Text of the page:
WASHINGTON – U.S. Senator Claire McCaskill, the top-ranking Democrat on the Homeland Security and Governmental Affairs Committee, is requesting answers from top government agencies on their efforts to track and reduce improper payments. Recently released reports detailed multiple ways that agencies failed to follow requirements to cut down on possible wasteful spending.
“Far too many agencies are failing to follow the requirements for limiting waste, fraud, and abuse,” said McCaskill, former Missouri State Auditor. “I’m committed to holding agencies accountable so that Missourians’ hard-earned taxpayer dollars aren’t going to waste.”
The McCaskill-backed Improper Payments Elimination and Recovery Act of 2010 helps save taxpayer dollars by requiring government agencies to follow six requirements to identify, minimize, and recover improper payments. Each year, Inspectors General at federal agencies evaluate how they are doing at following the requirements and make recommendations for how to improve. In letters to the Departments of Labor, Transportation, Health and Human Services, Agriculture, Treasury, Social Security Administration, and Housing and Urban Development, McCaskill outlined problems with agencies’ compliance with limiting improper payments and asked for details on what they will do to save taxpayer dollars in the future. McCaskill previously issued similar letters to the Departments of Education, Defense, and Veterans Affairs.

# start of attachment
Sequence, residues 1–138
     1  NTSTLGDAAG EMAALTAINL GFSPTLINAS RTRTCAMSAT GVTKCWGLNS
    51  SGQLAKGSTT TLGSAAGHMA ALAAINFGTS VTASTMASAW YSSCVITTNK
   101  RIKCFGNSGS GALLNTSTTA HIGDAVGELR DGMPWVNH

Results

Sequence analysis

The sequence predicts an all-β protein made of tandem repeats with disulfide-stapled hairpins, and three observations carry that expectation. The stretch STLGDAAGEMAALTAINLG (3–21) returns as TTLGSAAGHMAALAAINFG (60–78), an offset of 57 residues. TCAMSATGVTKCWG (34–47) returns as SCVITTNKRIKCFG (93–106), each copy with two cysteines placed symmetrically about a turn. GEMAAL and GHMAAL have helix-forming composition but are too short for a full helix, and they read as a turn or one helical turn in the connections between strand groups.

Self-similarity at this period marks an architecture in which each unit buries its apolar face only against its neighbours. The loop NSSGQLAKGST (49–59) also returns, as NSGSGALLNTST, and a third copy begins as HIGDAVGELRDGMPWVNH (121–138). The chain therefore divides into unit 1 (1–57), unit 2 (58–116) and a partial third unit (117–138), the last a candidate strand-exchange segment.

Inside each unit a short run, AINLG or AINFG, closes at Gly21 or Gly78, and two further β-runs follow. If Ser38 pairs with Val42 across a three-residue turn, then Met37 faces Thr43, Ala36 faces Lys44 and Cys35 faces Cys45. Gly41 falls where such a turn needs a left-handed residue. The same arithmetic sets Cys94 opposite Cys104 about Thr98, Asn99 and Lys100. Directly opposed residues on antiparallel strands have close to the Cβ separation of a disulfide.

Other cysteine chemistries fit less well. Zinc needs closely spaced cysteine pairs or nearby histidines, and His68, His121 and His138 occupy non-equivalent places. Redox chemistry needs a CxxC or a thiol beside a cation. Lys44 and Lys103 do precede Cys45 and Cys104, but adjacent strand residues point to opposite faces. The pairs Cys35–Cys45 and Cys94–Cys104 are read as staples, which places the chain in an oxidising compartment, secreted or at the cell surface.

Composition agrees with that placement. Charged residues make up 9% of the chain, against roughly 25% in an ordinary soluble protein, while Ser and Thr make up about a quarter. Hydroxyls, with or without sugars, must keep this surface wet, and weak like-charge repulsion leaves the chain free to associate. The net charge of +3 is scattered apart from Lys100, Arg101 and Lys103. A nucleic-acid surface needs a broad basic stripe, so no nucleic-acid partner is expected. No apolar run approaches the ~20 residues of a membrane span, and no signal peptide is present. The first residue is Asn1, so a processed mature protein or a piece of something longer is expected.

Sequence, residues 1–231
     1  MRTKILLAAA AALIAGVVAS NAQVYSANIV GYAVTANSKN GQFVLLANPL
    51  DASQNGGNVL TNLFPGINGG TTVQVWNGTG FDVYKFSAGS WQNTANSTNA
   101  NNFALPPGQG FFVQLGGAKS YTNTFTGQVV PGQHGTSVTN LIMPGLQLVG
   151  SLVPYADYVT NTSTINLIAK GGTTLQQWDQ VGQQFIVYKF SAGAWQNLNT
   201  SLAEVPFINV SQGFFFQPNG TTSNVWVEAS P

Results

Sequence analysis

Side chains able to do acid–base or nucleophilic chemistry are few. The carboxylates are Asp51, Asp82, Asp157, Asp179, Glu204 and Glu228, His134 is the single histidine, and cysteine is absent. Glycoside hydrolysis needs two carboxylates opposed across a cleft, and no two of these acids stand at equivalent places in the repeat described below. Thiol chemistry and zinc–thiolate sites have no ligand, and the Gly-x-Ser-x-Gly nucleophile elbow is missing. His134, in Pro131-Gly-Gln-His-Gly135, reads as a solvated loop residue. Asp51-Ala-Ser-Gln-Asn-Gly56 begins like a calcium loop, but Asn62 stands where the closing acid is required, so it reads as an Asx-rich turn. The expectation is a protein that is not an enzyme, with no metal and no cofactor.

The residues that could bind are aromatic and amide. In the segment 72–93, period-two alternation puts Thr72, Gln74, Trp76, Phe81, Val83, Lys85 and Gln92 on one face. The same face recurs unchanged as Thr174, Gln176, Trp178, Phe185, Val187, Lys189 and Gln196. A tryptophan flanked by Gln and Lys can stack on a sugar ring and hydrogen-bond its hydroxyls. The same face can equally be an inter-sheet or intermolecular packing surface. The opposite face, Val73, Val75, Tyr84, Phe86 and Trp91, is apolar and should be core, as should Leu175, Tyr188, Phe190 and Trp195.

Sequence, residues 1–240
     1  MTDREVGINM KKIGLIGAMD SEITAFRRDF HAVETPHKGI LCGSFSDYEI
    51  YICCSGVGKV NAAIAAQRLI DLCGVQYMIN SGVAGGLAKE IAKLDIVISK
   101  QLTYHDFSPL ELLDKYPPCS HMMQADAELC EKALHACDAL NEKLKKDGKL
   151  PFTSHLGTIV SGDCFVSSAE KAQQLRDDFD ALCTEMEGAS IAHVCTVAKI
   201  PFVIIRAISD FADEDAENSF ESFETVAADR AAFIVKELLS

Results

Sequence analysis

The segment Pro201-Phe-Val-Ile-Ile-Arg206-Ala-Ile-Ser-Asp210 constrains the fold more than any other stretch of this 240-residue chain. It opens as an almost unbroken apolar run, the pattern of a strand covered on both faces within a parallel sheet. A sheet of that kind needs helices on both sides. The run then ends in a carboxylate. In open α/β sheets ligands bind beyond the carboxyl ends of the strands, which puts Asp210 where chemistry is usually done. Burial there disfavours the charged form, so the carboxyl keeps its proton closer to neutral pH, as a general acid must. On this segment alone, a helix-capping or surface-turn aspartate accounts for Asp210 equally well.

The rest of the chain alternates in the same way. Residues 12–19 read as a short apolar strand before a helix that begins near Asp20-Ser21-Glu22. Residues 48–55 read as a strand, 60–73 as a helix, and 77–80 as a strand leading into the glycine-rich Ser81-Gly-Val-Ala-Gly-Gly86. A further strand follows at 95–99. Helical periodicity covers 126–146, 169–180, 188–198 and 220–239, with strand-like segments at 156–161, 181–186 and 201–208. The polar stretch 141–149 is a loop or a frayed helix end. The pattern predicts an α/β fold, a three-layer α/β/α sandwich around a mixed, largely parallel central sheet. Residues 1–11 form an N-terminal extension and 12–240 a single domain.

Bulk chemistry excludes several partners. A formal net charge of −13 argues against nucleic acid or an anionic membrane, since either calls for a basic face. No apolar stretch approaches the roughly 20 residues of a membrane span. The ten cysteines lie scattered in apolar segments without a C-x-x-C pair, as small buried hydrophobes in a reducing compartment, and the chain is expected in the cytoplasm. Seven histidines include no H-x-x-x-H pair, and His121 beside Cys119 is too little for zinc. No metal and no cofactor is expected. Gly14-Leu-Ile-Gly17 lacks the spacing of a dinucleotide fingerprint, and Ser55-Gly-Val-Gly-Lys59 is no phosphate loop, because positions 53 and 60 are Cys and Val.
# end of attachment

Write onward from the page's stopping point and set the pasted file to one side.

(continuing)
Since her time as Missouri State Auditor, McCaskill has been a leading voice in Missouri and Washington for cutting wasteful government spending. Earlier this year, McCaskill-backed bipartisan legislation to crack down on misuse of federal agency travel and purchase cards spending passed the Senate. The Homeland Security and Governmental Affairs Committee has unanimously approved two of her bills with Republican Senator Steve Daines of Montana to eliminate wasteful spending at the U.S. Department of Homeland Security. McCaskill has also expanded whistleblower protections to government contractors, subcontractors, and others who the federal government directly or indirectly hires through bipartisan bills that have been signed into law. During her first term in the Senate, McCaskill waged a successful six-year effort to crack down on waste, fraud, and abuse in wartime contracting.
Read McCaskill’s letters to the heads of the Departments of Labor, Transportation, Health and Human Services, Agriculture, Treasury, Social Security Administration, and Housing and Urban Development HERE.